Low birth weight may increase the risk of later-life psychiatric problems

Babies with a very low birth weight may be at a much higher risk of depression, ADHD, or other psychiatric conditions in adulthood, compared with those born a healthy weight, and steroid use just before birth may increase this risk even further. This is according to a study published in the journal Pediatrics.

But it is not all bad news for very-low-birth-weight babies; the research team – led by Dr. Ryan Van Lieshout, professor of psychiatry and neurosciences in the Michael G. DeGroote School of Medicine at McMaster University in Canada – also found they are at lower risk of alcohol or substance abuse.

The most common driver behind low birth weight is premature birth; approximately 7 in 10 low-birth-weight babies in the US are born preterm. Other causes include fetal growth restriction and infection during pregnancy.

Past studies have established that babies with a low birth weight are at increased risk of numerous health problems later in life, including obesity, hypertension, diabetes, and heart disease. But how does low birth weight affect mental health in adulthood?

To find out, Dr. Van Lieshout and his team analyzed the presence of psychiatric disorders among 84 adults who were born with an extremely low birth weight (less than 1,000 g) and 90 adults who were born a normal birth weight.

All participants were born between 1977 and 1982 in Ontario, Canada, and were in their early 30s at the time of assessment.

The researchers found that the participants with extremely low birth weight were three times less likely to develop a substance or alcohol use disorder than those with normal birth weight.

However, low-birth-weight participants were 2.5 times more likely to develop a psychiatric disorder in adulthood – such as depression, ADHD (attention deficit hyperactivity disorder), and anxiety than those born normal weight, according to the team.

In addition, low-birth-weight participants whose mothers received full antenatal steroid treatment just before birth were found to be almost 4.5 times more likely than normal-birth-weight participants to develop psychiatric problems, and they also had no reduced risk for substance or alcohol use disorders.

Commenting on their findings, Dr. Van Lieshout says: “Importantly, we have identified psychiatric risks that may develop for extremely low-birth-weight survivors as they become adults, and this understanding will help us better predict, detect and treat mental disorders in this population.”

Analysis of another research conducted over nearly 30 years showed the same thing. The study appears in the journal Psychological Bulletin®, which is published by the American Psychological Association.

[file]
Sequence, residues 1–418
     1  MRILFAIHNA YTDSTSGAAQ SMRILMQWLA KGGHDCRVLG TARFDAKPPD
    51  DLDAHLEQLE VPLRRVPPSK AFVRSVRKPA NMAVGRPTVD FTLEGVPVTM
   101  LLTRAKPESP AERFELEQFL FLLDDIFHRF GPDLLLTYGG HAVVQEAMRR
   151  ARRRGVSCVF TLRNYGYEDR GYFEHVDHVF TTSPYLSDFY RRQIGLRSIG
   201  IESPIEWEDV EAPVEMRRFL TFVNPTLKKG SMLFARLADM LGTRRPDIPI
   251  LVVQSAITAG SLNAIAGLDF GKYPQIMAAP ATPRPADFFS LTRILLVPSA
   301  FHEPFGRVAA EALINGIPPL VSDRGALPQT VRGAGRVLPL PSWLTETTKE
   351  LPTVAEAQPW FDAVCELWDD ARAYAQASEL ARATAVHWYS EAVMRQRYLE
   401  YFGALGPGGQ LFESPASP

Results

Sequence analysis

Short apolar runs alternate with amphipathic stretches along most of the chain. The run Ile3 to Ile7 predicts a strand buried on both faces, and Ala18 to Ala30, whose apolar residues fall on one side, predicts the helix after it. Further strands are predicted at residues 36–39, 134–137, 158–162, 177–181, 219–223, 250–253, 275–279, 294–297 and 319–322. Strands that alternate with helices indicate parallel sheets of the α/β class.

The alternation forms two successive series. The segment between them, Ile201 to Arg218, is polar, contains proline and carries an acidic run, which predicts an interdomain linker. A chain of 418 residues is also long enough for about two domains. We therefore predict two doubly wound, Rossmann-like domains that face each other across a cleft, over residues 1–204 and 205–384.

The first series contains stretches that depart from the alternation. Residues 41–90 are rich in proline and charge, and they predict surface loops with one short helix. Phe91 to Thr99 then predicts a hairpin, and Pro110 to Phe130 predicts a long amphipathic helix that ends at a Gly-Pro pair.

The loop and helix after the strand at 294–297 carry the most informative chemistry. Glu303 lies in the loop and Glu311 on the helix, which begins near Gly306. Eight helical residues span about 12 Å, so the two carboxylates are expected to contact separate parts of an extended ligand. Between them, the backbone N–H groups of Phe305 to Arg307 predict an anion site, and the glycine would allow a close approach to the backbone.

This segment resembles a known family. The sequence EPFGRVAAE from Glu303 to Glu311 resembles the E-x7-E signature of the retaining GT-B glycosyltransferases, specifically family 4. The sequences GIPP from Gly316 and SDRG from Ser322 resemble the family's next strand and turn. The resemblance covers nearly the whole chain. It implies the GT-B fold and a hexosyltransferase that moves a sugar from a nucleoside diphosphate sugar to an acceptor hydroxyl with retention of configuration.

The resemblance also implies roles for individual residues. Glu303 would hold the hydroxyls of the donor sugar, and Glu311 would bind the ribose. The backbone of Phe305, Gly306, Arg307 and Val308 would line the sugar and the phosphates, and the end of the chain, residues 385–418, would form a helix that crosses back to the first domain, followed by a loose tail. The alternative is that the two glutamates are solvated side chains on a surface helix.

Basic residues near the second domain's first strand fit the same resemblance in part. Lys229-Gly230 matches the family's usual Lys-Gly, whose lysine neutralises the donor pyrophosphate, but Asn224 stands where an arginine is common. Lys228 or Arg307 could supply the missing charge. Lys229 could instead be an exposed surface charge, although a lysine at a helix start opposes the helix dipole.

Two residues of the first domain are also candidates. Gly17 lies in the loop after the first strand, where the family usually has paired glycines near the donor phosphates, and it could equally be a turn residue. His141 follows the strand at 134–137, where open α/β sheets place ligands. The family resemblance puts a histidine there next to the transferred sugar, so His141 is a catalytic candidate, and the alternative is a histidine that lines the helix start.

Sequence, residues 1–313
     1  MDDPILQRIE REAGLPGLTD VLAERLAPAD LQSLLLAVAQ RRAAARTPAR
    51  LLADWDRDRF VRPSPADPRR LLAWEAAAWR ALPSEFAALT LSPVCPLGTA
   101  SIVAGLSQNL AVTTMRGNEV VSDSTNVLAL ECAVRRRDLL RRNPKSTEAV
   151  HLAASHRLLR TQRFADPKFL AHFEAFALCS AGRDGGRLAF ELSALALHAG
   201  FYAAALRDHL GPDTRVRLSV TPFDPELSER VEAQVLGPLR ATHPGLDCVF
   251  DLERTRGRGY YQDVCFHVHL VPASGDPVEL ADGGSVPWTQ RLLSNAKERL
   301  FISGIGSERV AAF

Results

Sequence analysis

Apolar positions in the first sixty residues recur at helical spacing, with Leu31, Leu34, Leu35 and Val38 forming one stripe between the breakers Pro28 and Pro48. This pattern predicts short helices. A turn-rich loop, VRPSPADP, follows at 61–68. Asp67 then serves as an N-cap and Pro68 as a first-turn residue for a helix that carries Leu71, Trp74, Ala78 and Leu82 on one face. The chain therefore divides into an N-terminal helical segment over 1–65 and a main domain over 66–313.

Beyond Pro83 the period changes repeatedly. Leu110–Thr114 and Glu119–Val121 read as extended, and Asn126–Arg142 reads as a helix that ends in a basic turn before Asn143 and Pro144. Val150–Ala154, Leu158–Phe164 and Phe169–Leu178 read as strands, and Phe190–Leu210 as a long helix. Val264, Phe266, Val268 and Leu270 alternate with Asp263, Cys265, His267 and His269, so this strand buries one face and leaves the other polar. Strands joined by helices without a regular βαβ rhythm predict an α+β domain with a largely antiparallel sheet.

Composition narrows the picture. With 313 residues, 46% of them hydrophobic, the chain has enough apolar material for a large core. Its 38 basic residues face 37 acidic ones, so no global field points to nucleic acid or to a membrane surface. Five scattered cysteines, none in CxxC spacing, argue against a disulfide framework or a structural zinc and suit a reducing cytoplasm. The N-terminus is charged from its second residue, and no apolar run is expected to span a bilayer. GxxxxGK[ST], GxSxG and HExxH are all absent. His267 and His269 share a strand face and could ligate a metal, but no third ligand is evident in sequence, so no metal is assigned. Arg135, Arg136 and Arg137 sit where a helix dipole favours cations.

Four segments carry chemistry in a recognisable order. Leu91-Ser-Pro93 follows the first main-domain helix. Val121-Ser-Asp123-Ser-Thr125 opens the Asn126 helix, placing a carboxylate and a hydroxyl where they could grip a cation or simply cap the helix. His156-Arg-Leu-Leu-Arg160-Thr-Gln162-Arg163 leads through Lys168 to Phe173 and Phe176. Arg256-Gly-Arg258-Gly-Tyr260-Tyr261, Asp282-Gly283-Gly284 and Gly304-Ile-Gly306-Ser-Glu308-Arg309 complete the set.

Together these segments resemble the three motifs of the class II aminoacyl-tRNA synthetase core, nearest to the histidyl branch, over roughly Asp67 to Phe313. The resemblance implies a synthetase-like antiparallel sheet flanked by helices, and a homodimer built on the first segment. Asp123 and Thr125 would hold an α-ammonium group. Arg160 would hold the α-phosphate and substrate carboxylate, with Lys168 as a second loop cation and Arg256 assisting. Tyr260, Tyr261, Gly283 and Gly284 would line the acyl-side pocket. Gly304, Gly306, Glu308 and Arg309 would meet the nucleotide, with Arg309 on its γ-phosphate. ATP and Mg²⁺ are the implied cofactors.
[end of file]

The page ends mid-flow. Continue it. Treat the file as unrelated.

“Our findings provide evidence that individuals born at extremely low birth weight are at higher overall risk for psychological difficulties than their normal birth weight peers. These difficulties most frequently involve attention, anxiety-related and social problems,” said lead author Karen Mathewson, Ph.D., McMaster University.

Mathewson and her colleagues conducted meta-analyses using 41 studies that followed 2,712 individuals who were extremely low birth weight babies and 11,127 who were normal birth weight babies. The studies took place over a 26-year period (1990 – 2016) in 12 different countries, including the United States and Canada.

Extremely low birth weight babies were found to be at increased risk for particular mental health problems, beginning in childhood and extending at least into their 30s. As children, they were significantly more likely to have attention deficit hyperactivity disorder in almost every study included in the review. Adolescents were also at greater risk for ADHD and social problems. Adults born with extremely low birth weight reported significantly higher levels of anxiety, depression, and shyness, as well as significantly lower levels of social functioning.

These risks did not seem to vary according to where or when extremely low birth weight survivors were born, or whether they had significant neurosensory impairments, such as cerebral palsy or blindness. All of the studies were from developed countries from North America, Europe, or Australia.

Mathewson believes these findings may stem from the biological responses of the infant to difficult prenatal conditions and postnatal stresses following early birth.

“The consistency of the findings across geographical regions suggests that these attentional, behavioral and social outcomes may be contributed to by developmentally programmed, biological factors,” she said.

Even though the risk for mental health problems in extremely low birth weight survivors is increased compared to normal birth weight individuals, many will not develop mental disorders at all, Mathewson noted. But the effect sizes for ADHD, social problems, and internalizing disorders were moderate-to-large in extremely low birth weight children and remained moderate in extremely low birth weight adolescents. (A moderate effect is generally apparent to an unaided, careful observer). Moderate effects of birth weight status suggest that group differences in the risk for these mental health problems can be significant. The findings point to the need to continue to provide services to these individuals throughout their lives, according to Mathewson. “It is important that families and health care providers be aware of the potential for early-emerging mental health problems in extremely low birth weight survivors, and that some of these individuals may not grow out of these problems as they get older,” she said. “As a result, it is essential that appropriate treatment be made available to those who require it as early in life as possible.”

Source: Medical News Today, American Psychological Association


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